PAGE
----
Leigh-Anne Pinnock: I used to feel scared about speaking out on racism

Leigh-Anne Pinnock attending the UK premiere of Top Boy at the Hackney Picturehouse in London.
Leigh-Anne Pinnock attending the UK premiere of Top Boy at the Hackney Picturehouse in London.

Leigh-Anne Pinnock has said she used to feel “scared” to speak out about racism.

The Little Mix star, 29, presents new BBC Three documentary Leigh-Anne: Race, Pop & Power on discrimination within the music industry.

She said she has found her “purpose” since talking about race.

Queen & Slim premiere – London
Leigh-Anne Pinnock (Lauren Hurley/PA)

“I was really scared, actually, about speaking out, which is why I feel like I didn’t for so many years,” Pinnock said.

She added she was “scared that people wouldn’t understand, because I feel like with racism, if you don’t experience it, how are you ever going to really get it and feel it and understand it”.

“Also I was scared to lose fans, I was scared of offending fans, because that’s not what I’m trying to do at all,” she said.

“I literally just wanted to address how I felt.”

Pinnock added that now she has spoken about racism she has “never felt so empowered, and it just makes me feel so much better knowing the whole world is having this conversation”.

“It’s not just behind closed doors with my family,” she said.

The Global Awards 2019 with Very.co.uk – Arrivals – London
(Scott Garfitt/PA)

“I’m having it with my white friends who I would never have had before.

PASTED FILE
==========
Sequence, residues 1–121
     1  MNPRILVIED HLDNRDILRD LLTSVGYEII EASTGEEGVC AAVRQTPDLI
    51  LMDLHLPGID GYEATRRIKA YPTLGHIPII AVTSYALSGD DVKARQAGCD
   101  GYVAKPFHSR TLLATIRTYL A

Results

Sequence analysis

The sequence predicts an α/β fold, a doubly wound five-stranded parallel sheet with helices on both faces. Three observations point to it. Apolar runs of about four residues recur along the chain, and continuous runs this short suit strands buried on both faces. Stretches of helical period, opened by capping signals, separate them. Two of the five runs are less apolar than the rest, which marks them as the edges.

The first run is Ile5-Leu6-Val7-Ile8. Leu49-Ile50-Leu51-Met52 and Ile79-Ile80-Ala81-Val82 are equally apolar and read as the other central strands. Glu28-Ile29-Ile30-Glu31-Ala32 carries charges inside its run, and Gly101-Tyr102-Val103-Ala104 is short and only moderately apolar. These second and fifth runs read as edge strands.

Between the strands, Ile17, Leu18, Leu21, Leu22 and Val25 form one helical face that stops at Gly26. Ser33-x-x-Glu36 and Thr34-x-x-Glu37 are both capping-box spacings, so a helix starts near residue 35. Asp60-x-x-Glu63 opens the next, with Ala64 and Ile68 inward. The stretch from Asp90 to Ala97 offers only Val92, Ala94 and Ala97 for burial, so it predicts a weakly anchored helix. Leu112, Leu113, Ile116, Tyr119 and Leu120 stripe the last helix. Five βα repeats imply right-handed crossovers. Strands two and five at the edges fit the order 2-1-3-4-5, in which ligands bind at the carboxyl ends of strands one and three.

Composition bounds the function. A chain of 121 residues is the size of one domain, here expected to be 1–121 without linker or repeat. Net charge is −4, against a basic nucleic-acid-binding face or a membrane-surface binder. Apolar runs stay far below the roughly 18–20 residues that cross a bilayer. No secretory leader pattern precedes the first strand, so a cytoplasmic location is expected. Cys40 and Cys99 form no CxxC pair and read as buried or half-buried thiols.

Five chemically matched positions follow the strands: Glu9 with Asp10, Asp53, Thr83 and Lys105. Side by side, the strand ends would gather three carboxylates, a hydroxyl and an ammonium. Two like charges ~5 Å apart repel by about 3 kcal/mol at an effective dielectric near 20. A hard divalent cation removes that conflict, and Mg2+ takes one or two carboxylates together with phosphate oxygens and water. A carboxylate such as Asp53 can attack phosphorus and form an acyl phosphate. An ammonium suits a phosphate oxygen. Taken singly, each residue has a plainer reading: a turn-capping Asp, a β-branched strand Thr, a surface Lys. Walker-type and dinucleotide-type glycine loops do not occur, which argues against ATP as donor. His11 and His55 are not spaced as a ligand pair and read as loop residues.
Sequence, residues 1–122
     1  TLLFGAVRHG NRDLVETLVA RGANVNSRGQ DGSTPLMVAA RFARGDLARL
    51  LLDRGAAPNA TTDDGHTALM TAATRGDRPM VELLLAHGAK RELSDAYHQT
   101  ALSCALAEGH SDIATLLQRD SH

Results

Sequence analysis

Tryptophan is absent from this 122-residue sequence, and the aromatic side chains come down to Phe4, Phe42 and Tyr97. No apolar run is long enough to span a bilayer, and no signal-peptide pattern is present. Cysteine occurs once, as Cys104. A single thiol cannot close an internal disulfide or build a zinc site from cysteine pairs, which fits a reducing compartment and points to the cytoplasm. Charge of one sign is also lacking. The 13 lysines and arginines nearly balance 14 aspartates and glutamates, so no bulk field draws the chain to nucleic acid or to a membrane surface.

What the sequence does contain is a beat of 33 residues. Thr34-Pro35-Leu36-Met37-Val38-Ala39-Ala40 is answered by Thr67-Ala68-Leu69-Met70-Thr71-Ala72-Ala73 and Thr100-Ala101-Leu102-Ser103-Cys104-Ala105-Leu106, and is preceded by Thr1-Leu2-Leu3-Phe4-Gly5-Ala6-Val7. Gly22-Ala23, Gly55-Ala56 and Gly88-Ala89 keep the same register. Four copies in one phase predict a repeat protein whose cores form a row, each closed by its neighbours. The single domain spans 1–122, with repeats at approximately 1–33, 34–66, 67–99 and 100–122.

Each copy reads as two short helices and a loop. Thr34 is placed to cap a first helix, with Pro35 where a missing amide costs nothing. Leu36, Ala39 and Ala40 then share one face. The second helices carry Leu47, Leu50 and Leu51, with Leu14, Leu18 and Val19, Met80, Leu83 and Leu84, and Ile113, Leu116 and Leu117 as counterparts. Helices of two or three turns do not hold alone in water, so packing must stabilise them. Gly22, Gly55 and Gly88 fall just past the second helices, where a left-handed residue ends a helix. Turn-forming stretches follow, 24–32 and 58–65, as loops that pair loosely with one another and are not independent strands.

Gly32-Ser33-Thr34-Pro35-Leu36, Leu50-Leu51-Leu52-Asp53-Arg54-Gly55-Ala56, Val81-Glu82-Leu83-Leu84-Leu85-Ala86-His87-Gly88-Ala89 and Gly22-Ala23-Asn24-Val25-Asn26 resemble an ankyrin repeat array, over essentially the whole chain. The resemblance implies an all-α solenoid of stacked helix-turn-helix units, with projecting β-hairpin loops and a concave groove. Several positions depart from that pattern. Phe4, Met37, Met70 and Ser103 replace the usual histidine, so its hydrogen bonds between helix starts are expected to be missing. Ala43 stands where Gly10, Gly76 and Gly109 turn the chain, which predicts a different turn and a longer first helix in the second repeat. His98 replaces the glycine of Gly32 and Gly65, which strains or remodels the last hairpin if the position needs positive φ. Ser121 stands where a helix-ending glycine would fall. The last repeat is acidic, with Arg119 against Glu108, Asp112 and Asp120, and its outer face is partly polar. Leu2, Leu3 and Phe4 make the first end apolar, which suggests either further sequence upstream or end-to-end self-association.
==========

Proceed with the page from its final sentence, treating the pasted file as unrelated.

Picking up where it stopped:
“It’s amazing to know that things are going in the right direction.”

Pinnock said the pop music industry is not racially diverse enough.

“When I walk into work and I see a predominantly white room, I’m like, ‘But why?’” she said.

“It doesn’t need to be like this. There are black people that can do these jobs and should be having these opportunities as well.

“For me, diversity is just so important and I want my children to be able to watch TV and see themselves and at the minute it’s not good enough.”

Brit Awards 2019 – Arrivals – London
(Ian West/PA)

The singer said she has found her “purpose”, adding: “And that’s to use my voice, take action and try and make a change.

“I definitely don’t see it as a pressure, I want to do this and I’m so so proud and happy that I have made this film.

“I definitely feel like I’m owning who I am so much more.

“I feel like I’m a different person, the confidence I have in myself.”

Earlier this week Pinnock revealed she is expecting her first child with footballer fiance Andre Gray.

Leigh-Anne: Race, Pop & Power airs on BBC One at 9pm on May 13 and will also be on BBC Three and iPlayer from 6am on that day.

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